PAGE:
AYO’s struggle against media distortions and unfounded accusations

Picture: Armand Hough / African News Agency (ANA)

Picture: Armand Hough / African News Agency (ANA)

Published Apr 14, 2023


By Feroza Petersen

The mainstream media’s relentless misrepresentation of AYO Technology Solutions (AYO) and its transaction with the Public Investment Commission (PIC) is deeply troubling. Despite a settlement reached between AYO and the PIC that benefits both parties and their investors, the media continues to propagate disinformation to undermine the agreement’s terms.

Central to this disinformation campaign are baseless allegations that AYO lied about and overstated its share price when it sold approximately 30% of its stake to the PIC. The media cites the share price drop following their sabotage campaign against AYO as “proof” of this claim, ignoring that the decline was a direct result of the negative media barrage.

The media’s determination to undermine the transaction stems from a fierce rivalry and vendetta against their competitor media owner, Dr Iqbal Survé. The media even stopped the Sagarmatha stock exchange listing, a company in which Survé is an indirect shareholder.

AYO was targeted through a series of damaging articles, leading to a slump in its share price.

The Mpati Commission was established primarily due to this wave of negative coverage.

Once the share price declined, the media changed tactics, falsely claiming that the drop was due to AYO’s misrepresentation during share sale negotiations with the PIC. This claim is far from the truth. In fact, PIC experts and testimonies during the Mpati Commission and at court contradict the media’s narrative.

In Western Cape High Court this year, PIC general manager of listed equities, Lebogang Molebatsi, said that the PIC had “a team of sector specialists who we interrogated, discussed and debated with while looking at a strategy.” An April 2018 report also concluded that “AYO was an attractive, catalytic investment”.

Former PIC assistant portfolio manager, Victor Seanie is the one who pursued the claim that the PIC AYO deal was not above board. Seanie was fired by the PIC for dishonesty, a lack of integrity and breaching his employment contract.

Testifying at the Mpati Commission, portfolio manager Sunil Varghese said that the PIC did not overpay for AYO. The initial valuation process of AYO led to a “base case value of R43 per share”. Varghese was Seanie’s manager.

How the mainstream media ran with a singular narrative led by an individual fired for ‘dishonesty and lack of integrity’ remains a mystery. Their decision to focus on a singular narrative, ignoring contrasting evidence from reputable sources, reveals their motive.

The fall of the share price, engineered by the media, cannot be used to claim AYO did wrong. If not for the negative media campaign, AYO’s share price would not have suffered the decline it faced. The media’s narrative was meant to justify their attacks on the company.

On February 26, 2018, just two months after listing, AYO’s share price experienced a 39% drop, recovering immediately on the following day. The media seized this one-day fluctuation as “evidence” of an “unrealistic valuation.” However, the fact remains that AYO’s shares maintained an average closing price of R40 per share during that period—a mere R3 difference from the listing price two months prior.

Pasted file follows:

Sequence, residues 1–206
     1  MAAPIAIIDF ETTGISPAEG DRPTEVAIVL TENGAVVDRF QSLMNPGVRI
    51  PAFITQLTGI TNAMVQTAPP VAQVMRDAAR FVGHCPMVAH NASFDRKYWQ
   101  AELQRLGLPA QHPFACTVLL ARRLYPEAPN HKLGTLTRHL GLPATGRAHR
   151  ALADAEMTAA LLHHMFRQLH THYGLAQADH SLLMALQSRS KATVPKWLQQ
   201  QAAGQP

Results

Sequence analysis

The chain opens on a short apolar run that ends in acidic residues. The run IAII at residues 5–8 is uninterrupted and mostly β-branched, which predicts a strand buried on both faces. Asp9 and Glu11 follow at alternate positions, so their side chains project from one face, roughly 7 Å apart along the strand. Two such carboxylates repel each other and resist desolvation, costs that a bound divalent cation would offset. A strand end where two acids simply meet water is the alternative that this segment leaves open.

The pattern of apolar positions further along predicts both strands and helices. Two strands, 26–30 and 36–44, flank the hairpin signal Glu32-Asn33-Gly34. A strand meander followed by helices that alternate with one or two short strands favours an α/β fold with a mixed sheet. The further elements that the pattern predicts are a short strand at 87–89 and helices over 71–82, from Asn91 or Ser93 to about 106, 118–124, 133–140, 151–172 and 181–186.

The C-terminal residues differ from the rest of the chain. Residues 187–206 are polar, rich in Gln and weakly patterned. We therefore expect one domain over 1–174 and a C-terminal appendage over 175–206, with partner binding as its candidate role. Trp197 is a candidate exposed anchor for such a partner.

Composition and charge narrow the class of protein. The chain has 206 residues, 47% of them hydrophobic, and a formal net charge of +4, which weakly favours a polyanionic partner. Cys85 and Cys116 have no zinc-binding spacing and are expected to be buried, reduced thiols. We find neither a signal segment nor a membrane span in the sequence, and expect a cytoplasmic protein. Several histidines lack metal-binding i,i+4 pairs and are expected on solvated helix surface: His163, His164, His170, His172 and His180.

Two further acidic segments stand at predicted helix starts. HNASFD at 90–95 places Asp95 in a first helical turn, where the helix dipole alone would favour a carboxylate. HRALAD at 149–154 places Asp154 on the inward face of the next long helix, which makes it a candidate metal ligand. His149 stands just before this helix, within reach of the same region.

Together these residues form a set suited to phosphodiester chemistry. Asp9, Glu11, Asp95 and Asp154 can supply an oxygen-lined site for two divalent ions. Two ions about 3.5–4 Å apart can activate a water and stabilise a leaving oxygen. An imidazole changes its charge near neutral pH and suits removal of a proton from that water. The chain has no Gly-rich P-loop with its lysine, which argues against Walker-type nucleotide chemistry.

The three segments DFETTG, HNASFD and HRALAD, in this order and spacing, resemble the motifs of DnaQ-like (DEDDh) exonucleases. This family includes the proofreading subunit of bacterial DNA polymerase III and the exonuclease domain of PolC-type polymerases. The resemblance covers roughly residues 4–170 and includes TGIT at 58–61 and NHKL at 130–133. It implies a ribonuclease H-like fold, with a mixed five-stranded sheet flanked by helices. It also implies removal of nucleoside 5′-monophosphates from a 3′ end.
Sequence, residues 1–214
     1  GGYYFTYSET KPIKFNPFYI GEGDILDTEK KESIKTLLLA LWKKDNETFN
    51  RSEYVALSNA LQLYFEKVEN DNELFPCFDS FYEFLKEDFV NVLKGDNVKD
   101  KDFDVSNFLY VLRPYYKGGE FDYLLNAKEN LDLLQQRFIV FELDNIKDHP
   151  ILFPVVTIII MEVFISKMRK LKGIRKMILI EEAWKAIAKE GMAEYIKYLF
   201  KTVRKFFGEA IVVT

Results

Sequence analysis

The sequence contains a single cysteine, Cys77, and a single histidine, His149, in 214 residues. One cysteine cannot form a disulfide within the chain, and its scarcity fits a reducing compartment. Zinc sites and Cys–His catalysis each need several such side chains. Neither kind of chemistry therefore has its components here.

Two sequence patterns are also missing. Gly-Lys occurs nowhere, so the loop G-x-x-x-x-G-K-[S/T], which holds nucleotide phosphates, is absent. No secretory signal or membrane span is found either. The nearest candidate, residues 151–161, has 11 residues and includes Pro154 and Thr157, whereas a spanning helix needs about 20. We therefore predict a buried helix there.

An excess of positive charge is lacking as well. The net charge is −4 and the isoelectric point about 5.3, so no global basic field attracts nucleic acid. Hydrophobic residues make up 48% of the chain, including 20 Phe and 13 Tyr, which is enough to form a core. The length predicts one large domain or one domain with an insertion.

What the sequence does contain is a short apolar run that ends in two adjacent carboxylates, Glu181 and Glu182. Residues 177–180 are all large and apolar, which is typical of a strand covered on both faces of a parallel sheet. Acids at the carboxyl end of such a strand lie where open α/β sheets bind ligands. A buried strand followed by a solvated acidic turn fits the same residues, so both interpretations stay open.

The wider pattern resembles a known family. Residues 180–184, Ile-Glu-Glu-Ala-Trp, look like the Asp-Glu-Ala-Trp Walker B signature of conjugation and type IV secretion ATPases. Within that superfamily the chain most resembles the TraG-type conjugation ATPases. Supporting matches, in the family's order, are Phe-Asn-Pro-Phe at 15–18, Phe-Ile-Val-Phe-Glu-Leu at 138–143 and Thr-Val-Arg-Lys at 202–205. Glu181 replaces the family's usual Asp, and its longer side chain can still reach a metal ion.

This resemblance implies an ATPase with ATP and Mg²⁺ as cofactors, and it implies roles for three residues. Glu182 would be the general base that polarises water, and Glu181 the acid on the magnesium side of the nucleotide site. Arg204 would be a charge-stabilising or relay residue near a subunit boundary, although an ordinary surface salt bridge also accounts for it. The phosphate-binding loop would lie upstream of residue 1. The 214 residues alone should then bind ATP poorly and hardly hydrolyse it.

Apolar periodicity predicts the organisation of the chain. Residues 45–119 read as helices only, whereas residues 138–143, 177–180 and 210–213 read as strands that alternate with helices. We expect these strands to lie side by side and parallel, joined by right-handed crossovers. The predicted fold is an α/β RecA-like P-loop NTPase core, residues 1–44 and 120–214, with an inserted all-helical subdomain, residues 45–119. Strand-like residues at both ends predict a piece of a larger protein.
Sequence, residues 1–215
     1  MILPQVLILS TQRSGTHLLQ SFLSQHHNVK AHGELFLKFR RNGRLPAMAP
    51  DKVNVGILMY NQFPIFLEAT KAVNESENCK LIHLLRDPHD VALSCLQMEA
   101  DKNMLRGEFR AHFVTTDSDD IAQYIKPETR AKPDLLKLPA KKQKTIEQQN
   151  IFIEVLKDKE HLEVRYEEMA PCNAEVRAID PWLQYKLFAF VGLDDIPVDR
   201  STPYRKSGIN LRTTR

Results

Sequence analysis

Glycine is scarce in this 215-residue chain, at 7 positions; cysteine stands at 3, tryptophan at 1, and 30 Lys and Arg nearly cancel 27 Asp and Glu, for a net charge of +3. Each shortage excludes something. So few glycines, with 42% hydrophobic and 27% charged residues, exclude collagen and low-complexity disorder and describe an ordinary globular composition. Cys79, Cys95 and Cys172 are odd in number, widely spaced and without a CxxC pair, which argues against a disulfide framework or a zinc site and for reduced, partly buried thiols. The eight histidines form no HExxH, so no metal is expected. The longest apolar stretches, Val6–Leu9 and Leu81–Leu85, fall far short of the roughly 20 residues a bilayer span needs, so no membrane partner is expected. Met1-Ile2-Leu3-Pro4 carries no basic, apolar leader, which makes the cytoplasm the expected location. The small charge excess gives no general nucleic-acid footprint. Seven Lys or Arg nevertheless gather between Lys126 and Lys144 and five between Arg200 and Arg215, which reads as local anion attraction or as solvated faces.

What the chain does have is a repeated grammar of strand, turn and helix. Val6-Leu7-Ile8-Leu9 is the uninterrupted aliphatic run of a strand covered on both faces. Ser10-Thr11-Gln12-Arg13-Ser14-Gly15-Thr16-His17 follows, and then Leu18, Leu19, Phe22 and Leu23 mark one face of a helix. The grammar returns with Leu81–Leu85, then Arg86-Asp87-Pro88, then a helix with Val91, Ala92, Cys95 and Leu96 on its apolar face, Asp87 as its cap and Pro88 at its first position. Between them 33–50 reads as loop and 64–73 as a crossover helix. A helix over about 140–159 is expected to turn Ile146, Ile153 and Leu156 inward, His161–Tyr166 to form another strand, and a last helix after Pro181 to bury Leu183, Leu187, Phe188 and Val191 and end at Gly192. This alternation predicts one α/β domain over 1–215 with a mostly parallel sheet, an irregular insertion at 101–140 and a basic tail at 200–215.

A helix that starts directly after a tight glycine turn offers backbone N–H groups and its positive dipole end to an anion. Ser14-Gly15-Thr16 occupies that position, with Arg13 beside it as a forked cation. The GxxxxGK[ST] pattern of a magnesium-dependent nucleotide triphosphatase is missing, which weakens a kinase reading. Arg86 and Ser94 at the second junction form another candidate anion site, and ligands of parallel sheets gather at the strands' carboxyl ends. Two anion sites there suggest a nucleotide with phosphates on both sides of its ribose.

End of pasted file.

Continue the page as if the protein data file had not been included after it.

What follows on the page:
The AYO pre-listing process involved large, reputable transaction advisory firms, legal firms, accounting firms, auditors, and the Johannesburg Stock Exchange listings division. It is implausible that all these parties would collude with AYO in “misleading the PIC,” risking their reputation in the process. AYO has been subjected to intense scrutiny and has never been found guilty of any wrongdoing.

When going into the PIC transaction, AYO had come out with buoyant financial results and a material deal to manage Sasol’s global IT requirements, including acquiring a 30% stake in British Telecoms South Africa (BTSA).

Following the initial media uproar, the PIC launched an internal investigation into the AYO transaction, which ultimately concluded in its favour. At the time, PIC investor relations specialist Sekgoela Sekgoela told Moneyweb, “The investment committee wanted to see if all the investment processes and procedures were followed. The investment committee is satisfied with the outcomes.” Thus, the transaction was sound and above board.

From the first month of listing, AYO faced relentless media attacks and scrutiny of its financial performance and achievements—an unreasonable and unprecedented expectation. The mainstream media’s hypocrisy knows no bounds, and it is crucial to remain mindful of this fact. While media favourites like Steinhoff, Tongaat-Hulett, and EOH receive free passes, those deemed adversaries like AYO are subjected to constant slander.

The recently concluded PIC-AYO court settlement marked the end of a tumultuous period for both parties. This agreement, reached after careful consideration, demonstrates the companies’ determination to move forward. The settlement’s terms reflect the best interests of all parties involved, ensuring that AYO can refocus on its operations and bring value to its shareholders. Yet, the mainstream media refuses to accept this outcome, opting instead to perpetuate unfounded accusations and biased narratives.

The attempts to destroy companies committed to transforming the IT industry in dire need of transformation must be resisted and rejected.

* The views expressed do not necessarily reflect the views of IOL or Independent Media.

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